The Consumer Affairs Authority (CAA) is to take legal action against online businesses that do not announce the retail prices when advertising their products to consumers, as it is a violation of the gazette notification issued in 2011, The Sunday Morning Business learns.
Speaking to us, a CAA senior official, who wished to remain anonymous, stated that complaints from consumers across Sri Lanka were exponentially rising with regard to how online businesses conduct their operations through social media pages and how they fail to deliver the promised product after requesting for the payment in advance.
“Businesses on social media direct consumers to inbox them for prices, which is an illegal task, as per CAA guidelines. Therefore, prompt measures will be taken to trace and disbar such online businesses to curtail this ongoing issue,” the official highlighted.
Furthermore, the official advised that consumers should not purchase any products from businesses operating on social media unless a valid mobile number and address were mentioned on the profile or communicated to consumers.
“The CAA has already taken measures to inquire into businesses operating on social media, but there is a huge challenge in tracing them all and contacting them for an inquiry. Thus, consumers should be aware of whom they are purchasing the product from and also the valid details about them,” the official added.
The CAA, acting under Section 10(1)(a) of the CAA Act No. 9 of 2003, directed that all manufacturers, importers, distributors, and traders, in every advertisement in respect of the sale of any article or articles published in newspapers, films, television, video, audio, internet, or any other print, electronic, or electronic media, shall specifically mention the retail price of such article or articles for sale in such advertisement.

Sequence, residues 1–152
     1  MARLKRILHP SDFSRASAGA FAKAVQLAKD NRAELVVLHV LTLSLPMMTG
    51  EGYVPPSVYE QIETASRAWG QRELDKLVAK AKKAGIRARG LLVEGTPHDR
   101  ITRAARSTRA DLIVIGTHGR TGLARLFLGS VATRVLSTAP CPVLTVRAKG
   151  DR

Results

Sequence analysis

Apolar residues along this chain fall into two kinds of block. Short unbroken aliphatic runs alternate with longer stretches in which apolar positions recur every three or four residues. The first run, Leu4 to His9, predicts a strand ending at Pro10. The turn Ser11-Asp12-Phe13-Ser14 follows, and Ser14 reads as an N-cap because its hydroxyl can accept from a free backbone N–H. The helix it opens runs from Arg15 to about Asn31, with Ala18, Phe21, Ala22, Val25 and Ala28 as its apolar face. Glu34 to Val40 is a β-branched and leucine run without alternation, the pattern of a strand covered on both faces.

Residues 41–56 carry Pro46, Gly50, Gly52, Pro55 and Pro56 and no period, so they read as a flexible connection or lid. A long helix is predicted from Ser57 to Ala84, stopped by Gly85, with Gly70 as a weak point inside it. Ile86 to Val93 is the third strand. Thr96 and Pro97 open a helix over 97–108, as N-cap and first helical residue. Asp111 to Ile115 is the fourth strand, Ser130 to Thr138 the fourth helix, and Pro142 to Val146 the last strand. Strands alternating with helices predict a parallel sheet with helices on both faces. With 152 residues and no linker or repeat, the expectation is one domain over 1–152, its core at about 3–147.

“Any manufacturer or trader who fails to comply with any direction issued under Subsection (1) shall be guilty of an offense under this Act,” the gazette notification in this regard specified.
Accordingly, this direction was effective in Sri Lanka from 1 February 2011.
Meanwhile, to lead and resolve such problems faced by micro and small enterprises in Sri Lanka, Advocata Institute last year launched the Red Tape Project to benefit entrepreneurs with the removal of legal and regulatory barriers faced in their businesses.
The report that was published highlighted the various regulatory barriers these enterprises face, ranging from issues of finance, registration, space, and labour and measures that can be taken to address such barriers by proposing appropriate recommendations to streamline and rationalise the process of registration for sole proprietors and partnerships.
Furthermore, State Minister of Digital Technology and Enterprise Development Namal Rajapaksa stressed the importance of companies and countries alike to increase their investments in digital platforms and online trading in the future.
“We hope to simplify the processes for e-businesses and we are looking at attracting more investment in the e-commerce space. We are also actively pursuing blockchain technology, which would facilitate digital currencies and a larger digital economy,” he said.
The Minister made these statements at his opening address during a webinar on “Digital Inclusion and Transformation in South Asia” organised by ORF India in collaboration with Colombo Initiative and the Sappani Foundation.